I Survived, So I Must be Crazy

Well, it’s been a long time, and I owe an apology to the folks I so enthusiastically ranted about this blog to (and that includes you, dear reader). It started out as a big, interesting idea, but like most of my big, interesting ideas, it became too interesting first, and then too big (for me). I started running out of time and energy pretty quickly as real-world events started taking over.

I switched jobs in July last year, and the strict Internet policy at my new place of work restricts access to blogs and forums. Between that and driving to and from work, I was left with little T&E and an ever-growing backlog of stuff I wanted to write about.

And then I suffered the effects of acute dehydration at a rally race last October, which ended with a week-long stay at the hospital in December. It’s only last week that I finally caught up with my huge backlog of work.

I’m not sure what to do, there’s a lot I want to write about, but I doubt if I’ll be able to do it in a consistent way. And I don’t like that thought. I have lots of notes, but no time to fill in the gaps to make them complete. I’m trying to think of a workable plan to commit time to my writing, but in the meantime I guess these random spikes in the stats would have to do. Thanks for reading!

I came across this while looking for inspiration 🙂 : Growing Rich by Blogging is a High-Tech Fairy Tale

Also, someone sent me this, a scientifiic explanation of “enlightenment”:

OMG-WTF Spectrum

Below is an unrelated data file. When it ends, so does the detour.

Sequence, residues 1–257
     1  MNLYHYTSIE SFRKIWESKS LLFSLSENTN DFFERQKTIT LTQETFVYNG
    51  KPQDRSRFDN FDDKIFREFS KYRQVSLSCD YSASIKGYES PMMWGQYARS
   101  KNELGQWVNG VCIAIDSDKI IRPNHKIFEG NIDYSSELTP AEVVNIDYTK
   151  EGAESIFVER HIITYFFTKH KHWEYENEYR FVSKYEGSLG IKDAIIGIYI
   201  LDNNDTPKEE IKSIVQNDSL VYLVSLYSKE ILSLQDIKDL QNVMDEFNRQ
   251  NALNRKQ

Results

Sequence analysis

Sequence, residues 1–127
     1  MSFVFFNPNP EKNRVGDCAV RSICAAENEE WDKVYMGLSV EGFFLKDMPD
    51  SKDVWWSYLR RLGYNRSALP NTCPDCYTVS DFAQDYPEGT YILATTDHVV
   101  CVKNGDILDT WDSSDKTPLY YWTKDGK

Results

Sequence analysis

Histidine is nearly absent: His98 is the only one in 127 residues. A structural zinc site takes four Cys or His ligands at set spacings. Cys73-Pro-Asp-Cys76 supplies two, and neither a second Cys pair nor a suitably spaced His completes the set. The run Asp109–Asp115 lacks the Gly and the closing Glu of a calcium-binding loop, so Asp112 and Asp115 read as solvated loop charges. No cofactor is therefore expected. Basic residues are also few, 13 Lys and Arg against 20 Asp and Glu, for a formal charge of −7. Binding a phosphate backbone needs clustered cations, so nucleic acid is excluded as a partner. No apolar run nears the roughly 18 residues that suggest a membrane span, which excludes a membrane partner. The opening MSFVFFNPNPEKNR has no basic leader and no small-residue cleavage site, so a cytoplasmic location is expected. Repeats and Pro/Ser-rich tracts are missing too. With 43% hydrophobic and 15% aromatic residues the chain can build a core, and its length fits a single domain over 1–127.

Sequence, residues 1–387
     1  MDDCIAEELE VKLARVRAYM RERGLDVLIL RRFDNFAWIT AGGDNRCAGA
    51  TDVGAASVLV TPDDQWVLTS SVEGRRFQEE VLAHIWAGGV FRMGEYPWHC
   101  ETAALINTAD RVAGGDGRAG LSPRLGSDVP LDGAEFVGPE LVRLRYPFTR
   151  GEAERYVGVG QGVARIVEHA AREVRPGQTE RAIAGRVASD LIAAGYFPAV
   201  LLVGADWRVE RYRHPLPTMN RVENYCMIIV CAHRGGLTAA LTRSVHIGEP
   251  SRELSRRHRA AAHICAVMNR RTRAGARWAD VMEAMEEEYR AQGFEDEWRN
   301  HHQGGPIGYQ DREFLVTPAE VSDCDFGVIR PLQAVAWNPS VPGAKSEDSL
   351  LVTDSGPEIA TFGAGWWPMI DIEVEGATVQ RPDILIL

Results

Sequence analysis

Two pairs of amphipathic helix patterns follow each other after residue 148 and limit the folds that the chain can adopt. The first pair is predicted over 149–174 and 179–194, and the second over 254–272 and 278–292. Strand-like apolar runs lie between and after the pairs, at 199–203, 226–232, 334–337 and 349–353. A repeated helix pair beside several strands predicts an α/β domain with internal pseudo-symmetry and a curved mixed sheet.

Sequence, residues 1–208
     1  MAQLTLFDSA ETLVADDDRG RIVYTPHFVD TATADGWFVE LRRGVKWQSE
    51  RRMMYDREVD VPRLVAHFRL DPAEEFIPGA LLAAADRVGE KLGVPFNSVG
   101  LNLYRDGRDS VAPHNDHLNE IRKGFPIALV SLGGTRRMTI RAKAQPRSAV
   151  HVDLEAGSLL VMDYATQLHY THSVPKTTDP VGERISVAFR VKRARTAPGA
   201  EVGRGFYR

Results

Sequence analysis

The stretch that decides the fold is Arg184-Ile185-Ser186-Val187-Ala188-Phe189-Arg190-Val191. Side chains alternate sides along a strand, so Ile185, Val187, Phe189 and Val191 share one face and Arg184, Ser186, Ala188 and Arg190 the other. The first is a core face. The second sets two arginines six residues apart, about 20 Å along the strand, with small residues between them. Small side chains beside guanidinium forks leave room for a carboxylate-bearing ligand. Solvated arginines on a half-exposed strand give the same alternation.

The Tao of Programming

The Tao of Programming surfaced in 1987 as a spoof of Taoist texts by Goeffery James, containing short anecdotes on hacker ideals.

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The Jargon File

The Jargon File is a glossary of hacker slang going back as far as 1975 to the MIT AI Lab and Stanford AI Lab (SAIL), amongst others. It describes itself as “a comprehensive compendium of hacker slang illuminating many aspects of hackish tradition, folklore, and humor”.It is currently maintained by prominent programmer, author and open source software evangelist Eric S. Raymond (aka ESR).

Please note that hacking [which has to do with unrestricted access to knowledge] is unrelated to cracking [which has to do with breaking into computer systems for monetary gain]. When you’re trying to fix your broken TV, you’re hacking: you’re enabling yourself. The next logical step that you would follow as a hacker would be to give others access to the knowledge you gained, so they can fix their own TVs themselves. You might even contact the TV company and let them know they should probably replace that cheap component with something else because it keeps overheating. However, if you were a cracker, you would probably indulge in some underground advertising and offer to fix others’ TVs for $$$.

Hacking is not evil, the media is. But more on all this later.

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“Different Algorithms in Java”

Recently ran into this matchless post at the Sun Developer Network (SDN) about the “different algorithms in Java”. Make sure you aren’t drinking anything while reading this 😉


libpr0n is the official Mozilla pr0n image rendering library… I’m not kidding.

All your base are belong to us

This phrase from the Japanese video game Zero Wing turned into an Internet phnomenon somewhere around 2001-02. Read all about it here.

I’m in ur base, killing ur d00dz

This phrase roughly translates to “LOL you got pwned and don’t even know it yet” and originated from surprise attacks in on-line RTS games such StarCraft and Command & Conquer: Red Alert 2. Here’s a list of top 10 “I’m in ur base, killing ur d00dz” pictures.